Peer pressure can keep you healthy
Hanging out with healthy friends could be the best way to keep fit. A study of 3610 Australian women, published in BioMed Central's open access International Journal of Behavioral Nutrition and Physical Activity found that physical activity and healthy eating behavior were both strongly affected by social norms.
Kylie Ball, from Deakin University, Australia, worked with a team of researchers to survey the 18-46 year old women. She said, "The importance of social environmental influences on health-promoting behaviors such as physical activity and healthy eating has been increasingly recognized. Ours is one of the first studies to demonstrate the association of both social support and social norms with physical activity and eating behaviors".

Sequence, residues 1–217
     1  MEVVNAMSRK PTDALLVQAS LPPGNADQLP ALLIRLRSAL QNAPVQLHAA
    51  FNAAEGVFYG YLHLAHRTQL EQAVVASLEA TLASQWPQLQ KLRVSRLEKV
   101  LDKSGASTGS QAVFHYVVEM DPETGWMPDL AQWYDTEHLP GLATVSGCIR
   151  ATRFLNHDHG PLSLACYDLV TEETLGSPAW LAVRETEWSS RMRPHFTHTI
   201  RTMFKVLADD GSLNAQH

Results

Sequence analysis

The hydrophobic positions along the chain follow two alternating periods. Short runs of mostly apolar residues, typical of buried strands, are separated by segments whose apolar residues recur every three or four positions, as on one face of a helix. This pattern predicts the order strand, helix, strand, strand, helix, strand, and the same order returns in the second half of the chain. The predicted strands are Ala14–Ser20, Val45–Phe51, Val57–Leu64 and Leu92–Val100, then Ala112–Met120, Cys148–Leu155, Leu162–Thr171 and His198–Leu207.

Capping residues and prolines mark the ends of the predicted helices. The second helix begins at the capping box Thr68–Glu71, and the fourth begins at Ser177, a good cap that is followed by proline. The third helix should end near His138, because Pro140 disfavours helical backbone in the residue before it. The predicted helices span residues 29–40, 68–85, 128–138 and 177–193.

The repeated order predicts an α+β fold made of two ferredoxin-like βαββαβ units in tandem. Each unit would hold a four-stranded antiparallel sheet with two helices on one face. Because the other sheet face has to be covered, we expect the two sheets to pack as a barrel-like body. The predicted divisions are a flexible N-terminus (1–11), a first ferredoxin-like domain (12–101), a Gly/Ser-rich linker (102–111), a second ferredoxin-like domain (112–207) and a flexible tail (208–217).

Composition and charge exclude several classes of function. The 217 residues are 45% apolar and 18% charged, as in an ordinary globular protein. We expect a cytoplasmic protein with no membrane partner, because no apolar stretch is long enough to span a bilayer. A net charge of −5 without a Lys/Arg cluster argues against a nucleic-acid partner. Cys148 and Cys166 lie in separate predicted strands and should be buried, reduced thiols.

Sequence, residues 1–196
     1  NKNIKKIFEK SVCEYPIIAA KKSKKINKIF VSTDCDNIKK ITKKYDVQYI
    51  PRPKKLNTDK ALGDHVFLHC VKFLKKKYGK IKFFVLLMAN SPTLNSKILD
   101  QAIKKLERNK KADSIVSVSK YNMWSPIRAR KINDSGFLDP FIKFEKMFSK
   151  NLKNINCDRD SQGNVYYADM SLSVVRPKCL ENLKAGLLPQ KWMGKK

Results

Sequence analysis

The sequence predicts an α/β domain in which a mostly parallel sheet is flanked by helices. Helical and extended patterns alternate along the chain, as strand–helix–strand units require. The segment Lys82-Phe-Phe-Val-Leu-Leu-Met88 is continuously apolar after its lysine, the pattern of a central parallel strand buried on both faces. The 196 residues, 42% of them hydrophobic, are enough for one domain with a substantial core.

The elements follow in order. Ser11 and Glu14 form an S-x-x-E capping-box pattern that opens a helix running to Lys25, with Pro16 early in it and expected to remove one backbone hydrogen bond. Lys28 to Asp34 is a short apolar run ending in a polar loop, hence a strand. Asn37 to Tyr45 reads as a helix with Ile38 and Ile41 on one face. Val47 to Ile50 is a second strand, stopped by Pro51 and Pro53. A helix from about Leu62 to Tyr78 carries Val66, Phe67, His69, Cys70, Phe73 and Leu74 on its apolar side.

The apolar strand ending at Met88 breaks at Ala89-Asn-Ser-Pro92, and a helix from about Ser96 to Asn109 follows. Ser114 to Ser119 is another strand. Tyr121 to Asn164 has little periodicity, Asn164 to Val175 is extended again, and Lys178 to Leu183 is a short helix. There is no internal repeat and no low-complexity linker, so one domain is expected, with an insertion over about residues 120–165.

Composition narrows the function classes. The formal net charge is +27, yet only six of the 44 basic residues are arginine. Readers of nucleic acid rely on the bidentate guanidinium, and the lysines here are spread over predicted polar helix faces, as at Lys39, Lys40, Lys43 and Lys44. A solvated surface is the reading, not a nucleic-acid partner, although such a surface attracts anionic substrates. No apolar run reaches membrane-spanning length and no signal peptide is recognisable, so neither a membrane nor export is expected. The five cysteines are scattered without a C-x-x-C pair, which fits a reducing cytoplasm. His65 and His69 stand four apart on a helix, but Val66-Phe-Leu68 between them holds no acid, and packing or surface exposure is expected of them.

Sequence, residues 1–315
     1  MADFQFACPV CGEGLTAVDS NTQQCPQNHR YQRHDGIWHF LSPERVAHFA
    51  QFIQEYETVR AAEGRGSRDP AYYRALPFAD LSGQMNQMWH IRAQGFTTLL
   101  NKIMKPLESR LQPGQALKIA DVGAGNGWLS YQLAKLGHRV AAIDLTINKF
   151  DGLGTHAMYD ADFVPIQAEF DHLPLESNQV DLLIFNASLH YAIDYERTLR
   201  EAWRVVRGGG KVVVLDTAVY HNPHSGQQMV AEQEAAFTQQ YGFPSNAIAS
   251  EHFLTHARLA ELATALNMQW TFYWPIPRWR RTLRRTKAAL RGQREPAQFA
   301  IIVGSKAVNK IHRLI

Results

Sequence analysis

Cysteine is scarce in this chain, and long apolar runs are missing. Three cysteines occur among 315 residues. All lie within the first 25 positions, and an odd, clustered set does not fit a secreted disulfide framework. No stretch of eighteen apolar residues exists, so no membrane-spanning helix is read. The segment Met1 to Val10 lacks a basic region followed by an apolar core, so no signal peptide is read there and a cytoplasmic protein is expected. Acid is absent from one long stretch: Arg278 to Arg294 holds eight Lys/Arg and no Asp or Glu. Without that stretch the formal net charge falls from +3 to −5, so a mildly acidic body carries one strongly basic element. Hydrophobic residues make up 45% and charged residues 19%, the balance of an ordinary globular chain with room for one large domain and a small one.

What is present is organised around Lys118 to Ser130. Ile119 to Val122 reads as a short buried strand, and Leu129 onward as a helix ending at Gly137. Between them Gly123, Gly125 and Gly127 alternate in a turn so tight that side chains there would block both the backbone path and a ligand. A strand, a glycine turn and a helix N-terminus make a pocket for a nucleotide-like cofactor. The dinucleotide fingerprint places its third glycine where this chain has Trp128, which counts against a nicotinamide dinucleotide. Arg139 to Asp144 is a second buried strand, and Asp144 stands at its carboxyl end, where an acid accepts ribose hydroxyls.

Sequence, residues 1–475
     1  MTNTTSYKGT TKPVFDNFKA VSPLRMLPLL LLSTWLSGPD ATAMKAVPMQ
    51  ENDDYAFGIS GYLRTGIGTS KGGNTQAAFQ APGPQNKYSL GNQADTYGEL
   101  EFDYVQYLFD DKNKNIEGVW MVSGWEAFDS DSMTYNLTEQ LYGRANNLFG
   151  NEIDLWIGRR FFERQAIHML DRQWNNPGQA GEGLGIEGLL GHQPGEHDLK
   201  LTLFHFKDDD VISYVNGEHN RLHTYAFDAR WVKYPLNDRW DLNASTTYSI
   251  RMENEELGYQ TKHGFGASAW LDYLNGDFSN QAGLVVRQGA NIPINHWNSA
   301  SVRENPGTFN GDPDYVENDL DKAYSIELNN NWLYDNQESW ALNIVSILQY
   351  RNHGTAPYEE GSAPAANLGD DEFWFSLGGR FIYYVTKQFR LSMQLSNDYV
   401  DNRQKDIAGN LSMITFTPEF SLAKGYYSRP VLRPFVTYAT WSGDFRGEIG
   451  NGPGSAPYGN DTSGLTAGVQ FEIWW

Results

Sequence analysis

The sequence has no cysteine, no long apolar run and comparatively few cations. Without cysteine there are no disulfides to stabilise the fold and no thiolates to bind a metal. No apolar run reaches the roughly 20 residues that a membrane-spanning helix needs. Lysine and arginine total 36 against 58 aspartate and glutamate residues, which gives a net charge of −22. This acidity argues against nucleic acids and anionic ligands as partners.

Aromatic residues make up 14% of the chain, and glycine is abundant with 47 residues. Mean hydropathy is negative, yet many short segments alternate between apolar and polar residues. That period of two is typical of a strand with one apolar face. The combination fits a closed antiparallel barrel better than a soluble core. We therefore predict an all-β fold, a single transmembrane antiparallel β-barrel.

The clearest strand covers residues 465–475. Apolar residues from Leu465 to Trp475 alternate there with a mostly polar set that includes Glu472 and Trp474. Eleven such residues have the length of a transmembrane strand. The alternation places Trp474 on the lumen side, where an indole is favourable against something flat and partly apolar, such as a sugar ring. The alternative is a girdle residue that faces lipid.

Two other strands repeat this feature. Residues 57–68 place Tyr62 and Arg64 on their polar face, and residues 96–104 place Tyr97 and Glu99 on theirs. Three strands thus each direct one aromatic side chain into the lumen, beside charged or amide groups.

The researchers tested the extent to which a fashion for healthy behavior among a person's contacts could influence their own lifestyle. The women who took part in the study were asked to rate how much they agreed with statements like "I often see other people walking in my neighborhood" and "Lots of women I know eat fast food often". Those women who moved in healthier circles were in turn more likely to eat well and get more exercise.
According to Ball, "These findings suggest that healthy behavior may be contagious. The potential to modify social norms as an intervention lever for promoting increased engagement in physical activity and healthy eating is worthy of further investigation".